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Development of riparian perspectives in the wet Pacific Northwest since the 1970s [Chapter 2]

Posted date: November 27, 2018
Publication Year: 
2018
Authors: Swanson, Frederick J.; Gregory, Stanley V
Publication Series: 
General Technical Report (GTR)
Source: In: Johnson, R. Roy; Carothers, Steven W.; Finch, Deborah M.; Kingsley, Kenneth J.; Stanley, John T., tech. eds. 2018. Riparian research and management: Past, present, future: Volume 1. Gen. Tech. Rep. RMRS-GTR-377. Fort Collins, CO: U.S. Department of Agriculture, Forest Service, Rocky Mountain Research Station. p. 25-31. doi: http://doi.org/10.2737/RMRS-GTR-377-CHAP2.
Note: This article is part of a larger document.

Abstract

Streams and riparian zones have been fertile ground for ecosystem science and a battleground for forest policy and management in the wet Pacific Northwest west of the crest of the Cascade Range for many decades. Competing, high-value resources of salmon and big Douglas-fir timber and their iconic places in cultures of the region sharpened the clash of values. Landslides from forestry operations and roads and elevated water temperature in streams where forest cover had been removed were points of physical connection between steep slope forestry and cold-water fishes. Logging slash from harvest operations had dammed streams and depleted dissolved oxygen, leading fisheries agencies and advocates to call for removal of wood from streams in the 1950s and 1960s.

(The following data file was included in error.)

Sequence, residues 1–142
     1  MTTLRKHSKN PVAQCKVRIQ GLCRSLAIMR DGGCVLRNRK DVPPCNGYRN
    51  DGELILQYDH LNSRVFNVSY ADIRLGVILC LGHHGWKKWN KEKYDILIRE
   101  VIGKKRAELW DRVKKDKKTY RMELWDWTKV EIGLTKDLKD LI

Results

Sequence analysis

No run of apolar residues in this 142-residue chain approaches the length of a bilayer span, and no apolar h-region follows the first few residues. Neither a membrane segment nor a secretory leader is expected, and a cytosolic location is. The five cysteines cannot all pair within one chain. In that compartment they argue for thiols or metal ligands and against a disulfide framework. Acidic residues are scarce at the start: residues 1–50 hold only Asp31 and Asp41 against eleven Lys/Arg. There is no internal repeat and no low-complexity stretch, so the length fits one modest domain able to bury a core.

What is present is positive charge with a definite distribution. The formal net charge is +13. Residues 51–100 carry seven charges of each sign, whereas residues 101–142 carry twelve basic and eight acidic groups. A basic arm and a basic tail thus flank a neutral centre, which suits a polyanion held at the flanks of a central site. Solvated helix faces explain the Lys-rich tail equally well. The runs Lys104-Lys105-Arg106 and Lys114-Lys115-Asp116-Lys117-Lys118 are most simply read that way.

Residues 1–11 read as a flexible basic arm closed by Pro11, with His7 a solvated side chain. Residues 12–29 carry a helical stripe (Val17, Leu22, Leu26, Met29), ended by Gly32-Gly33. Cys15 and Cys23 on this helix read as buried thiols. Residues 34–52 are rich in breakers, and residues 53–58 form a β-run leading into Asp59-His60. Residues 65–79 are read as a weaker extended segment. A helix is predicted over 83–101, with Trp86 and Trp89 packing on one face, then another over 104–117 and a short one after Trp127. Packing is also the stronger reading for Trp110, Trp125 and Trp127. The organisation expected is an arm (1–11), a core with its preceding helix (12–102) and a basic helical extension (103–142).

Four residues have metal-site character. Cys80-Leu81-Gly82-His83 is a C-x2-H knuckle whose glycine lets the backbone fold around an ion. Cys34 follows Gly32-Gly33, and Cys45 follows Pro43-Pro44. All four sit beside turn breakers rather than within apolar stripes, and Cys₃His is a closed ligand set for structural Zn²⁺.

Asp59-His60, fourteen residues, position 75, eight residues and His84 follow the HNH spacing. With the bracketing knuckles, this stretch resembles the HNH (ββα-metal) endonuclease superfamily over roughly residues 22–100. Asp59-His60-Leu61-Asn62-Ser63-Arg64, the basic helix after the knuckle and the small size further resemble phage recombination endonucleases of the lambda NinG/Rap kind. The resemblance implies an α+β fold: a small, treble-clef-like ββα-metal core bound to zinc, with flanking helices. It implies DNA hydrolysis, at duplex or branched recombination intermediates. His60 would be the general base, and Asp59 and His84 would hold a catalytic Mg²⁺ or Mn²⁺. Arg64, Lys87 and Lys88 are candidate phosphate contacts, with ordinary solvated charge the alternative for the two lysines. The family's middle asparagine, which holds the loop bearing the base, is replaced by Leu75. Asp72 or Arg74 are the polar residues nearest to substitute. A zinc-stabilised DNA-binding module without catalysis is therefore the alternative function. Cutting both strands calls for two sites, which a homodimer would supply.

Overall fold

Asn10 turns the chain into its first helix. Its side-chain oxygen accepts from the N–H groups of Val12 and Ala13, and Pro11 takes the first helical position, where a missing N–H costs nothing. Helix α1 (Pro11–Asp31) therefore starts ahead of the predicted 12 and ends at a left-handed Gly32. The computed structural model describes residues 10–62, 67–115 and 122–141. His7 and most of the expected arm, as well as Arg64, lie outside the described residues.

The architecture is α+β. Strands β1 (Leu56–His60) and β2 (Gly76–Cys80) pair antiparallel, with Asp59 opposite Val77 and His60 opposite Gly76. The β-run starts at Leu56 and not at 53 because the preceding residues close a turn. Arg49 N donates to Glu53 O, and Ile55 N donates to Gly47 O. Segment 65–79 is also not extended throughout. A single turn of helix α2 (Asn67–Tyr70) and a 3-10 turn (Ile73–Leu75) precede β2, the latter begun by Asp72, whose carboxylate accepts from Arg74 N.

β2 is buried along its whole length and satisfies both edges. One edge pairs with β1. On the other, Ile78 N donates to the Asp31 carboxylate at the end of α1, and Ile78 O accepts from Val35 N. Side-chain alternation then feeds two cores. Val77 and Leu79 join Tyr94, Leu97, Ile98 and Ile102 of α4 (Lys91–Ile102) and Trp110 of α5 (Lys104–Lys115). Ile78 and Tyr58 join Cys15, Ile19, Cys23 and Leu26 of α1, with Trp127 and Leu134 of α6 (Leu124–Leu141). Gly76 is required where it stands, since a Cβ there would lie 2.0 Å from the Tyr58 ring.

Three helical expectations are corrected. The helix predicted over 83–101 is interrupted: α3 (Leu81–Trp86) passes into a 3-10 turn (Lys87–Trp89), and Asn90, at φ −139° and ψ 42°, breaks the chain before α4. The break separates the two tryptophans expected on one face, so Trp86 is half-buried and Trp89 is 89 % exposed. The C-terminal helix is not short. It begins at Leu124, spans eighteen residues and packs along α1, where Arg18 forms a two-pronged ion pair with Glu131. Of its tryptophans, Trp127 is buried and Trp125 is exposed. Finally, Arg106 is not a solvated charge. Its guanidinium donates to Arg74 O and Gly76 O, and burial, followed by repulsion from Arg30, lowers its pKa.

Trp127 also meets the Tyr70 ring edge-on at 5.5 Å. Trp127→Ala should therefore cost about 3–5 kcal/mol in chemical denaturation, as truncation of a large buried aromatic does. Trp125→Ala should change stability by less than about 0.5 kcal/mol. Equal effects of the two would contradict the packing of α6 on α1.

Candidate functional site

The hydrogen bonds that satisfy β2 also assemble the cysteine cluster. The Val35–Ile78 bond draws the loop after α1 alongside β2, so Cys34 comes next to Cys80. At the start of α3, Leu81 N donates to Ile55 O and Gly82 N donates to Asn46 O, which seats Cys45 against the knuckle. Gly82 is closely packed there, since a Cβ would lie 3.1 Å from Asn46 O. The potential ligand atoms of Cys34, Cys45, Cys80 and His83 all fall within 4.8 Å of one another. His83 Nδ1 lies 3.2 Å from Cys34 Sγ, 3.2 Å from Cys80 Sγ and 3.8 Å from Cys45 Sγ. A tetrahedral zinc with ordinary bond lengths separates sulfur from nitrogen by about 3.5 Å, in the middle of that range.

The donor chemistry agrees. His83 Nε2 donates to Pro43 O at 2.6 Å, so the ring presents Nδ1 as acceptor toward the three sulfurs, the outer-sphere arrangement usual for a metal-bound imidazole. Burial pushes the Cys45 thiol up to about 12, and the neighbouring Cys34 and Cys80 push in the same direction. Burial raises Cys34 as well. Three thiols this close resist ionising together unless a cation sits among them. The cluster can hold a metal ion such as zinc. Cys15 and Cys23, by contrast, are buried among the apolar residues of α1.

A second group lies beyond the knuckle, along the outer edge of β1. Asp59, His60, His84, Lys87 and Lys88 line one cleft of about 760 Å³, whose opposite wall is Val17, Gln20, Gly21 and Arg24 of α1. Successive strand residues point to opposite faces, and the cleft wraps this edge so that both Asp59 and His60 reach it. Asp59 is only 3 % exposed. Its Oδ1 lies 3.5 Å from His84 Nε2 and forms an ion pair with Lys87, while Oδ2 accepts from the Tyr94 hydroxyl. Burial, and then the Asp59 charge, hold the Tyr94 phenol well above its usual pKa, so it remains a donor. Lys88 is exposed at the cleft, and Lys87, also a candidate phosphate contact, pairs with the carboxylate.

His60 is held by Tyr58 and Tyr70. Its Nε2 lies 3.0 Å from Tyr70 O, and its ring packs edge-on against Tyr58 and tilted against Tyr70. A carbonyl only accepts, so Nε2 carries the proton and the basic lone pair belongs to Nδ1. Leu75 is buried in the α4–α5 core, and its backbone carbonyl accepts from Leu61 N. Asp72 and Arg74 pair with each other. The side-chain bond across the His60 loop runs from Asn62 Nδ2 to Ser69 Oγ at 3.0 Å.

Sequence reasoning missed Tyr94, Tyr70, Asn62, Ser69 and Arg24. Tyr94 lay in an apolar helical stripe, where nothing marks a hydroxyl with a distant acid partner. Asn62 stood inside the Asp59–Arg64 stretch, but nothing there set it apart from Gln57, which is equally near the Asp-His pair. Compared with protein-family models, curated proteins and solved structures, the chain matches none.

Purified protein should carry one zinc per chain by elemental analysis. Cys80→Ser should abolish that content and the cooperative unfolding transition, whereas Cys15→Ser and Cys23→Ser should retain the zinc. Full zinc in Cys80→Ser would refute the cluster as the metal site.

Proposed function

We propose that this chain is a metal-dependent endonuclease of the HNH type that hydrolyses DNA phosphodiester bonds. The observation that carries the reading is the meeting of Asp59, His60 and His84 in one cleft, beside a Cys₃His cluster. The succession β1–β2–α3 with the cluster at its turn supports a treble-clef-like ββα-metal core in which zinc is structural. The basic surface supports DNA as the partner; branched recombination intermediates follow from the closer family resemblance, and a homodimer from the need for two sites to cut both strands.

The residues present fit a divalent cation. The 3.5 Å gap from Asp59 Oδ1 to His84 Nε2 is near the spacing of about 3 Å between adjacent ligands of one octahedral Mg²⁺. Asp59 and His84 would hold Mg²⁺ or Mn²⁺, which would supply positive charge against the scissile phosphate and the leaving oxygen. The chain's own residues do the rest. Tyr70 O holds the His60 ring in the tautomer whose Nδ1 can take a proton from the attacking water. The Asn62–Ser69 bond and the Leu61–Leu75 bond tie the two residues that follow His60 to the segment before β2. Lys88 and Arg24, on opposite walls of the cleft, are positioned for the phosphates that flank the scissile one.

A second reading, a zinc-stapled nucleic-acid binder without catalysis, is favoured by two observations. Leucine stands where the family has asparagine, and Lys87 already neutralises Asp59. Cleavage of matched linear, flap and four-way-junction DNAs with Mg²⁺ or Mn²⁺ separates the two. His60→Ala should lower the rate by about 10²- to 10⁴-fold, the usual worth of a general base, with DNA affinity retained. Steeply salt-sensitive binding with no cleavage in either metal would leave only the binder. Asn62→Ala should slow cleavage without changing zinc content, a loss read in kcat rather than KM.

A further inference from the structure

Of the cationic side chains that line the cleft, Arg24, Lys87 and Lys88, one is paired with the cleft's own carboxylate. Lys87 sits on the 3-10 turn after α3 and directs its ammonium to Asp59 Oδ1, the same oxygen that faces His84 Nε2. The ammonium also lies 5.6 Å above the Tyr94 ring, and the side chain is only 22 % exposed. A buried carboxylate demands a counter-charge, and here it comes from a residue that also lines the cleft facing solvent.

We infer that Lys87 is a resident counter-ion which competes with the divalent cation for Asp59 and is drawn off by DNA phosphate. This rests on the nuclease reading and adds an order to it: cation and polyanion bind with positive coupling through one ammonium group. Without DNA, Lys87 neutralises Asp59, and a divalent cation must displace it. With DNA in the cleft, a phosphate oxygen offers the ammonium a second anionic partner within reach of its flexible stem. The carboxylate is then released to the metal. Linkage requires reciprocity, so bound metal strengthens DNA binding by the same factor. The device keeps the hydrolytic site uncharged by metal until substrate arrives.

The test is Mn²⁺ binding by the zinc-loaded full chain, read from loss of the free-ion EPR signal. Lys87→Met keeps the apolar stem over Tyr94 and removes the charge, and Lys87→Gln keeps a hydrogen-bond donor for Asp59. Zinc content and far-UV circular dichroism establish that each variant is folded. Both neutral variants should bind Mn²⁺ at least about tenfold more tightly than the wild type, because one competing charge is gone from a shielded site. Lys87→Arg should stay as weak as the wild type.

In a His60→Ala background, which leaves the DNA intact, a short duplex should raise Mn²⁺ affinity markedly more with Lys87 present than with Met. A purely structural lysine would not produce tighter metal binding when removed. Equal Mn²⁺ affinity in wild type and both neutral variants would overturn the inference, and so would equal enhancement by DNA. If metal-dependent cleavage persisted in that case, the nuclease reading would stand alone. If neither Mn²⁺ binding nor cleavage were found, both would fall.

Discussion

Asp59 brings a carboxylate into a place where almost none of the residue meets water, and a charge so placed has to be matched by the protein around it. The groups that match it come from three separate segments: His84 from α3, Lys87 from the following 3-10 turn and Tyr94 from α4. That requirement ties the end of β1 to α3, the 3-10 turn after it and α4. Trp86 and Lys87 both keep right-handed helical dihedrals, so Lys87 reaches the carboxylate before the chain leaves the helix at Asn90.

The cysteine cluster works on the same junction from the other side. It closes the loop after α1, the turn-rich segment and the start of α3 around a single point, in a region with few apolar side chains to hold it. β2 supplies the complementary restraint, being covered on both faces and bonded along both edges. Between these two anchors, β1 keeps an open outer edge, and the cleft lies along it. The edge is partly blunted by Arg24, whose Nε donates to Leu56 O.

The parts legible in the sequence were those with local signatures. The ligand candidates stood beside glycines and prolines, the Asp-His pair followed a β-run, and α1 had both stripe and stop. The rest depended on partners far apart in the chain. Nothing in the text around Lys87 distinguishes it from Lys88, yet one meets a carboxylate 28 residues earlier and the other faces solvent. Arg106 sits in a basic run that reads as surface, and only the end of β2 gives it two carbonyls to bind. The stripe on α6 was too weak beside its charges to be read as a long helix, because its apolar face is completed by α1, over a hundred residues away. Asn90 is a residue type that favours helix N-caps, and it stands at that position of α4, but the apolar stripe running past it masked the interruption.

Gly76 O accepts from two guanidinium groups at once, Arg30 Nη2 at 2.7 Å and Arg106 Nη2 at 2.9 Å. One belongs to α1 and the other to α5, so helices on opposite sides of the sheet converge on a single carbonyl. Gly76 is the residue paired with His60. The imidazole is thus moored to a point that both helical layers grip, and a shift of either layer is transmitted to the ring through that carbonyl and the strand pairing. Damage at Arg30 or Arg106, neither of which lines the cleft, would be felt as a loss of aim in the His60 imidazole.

Citation

Swanson, Frederick J.; Gregory, Stanley V. 2018. Development of riparian perspectives in the wet Pacific Northwest since the 1970s [Chapter 2]. In: Johnson, R. Roy; Carothers, Steven W.; Finch, Deborah M.; Kingsley, Kenneth J.; Stanley, John T., tech. eds. 2018. Riparian research and management: Past, present, future: Volume 1. Gen. Tech. Rep. RMRS-GTR-377. Fort Collins, CO: U.S. Department of Agriculture, Forest Service, Rocky Mountain Research Station. p. 25-31. doi: http://doi.org/10.2737/RMRS-GTR-377-CHAP2.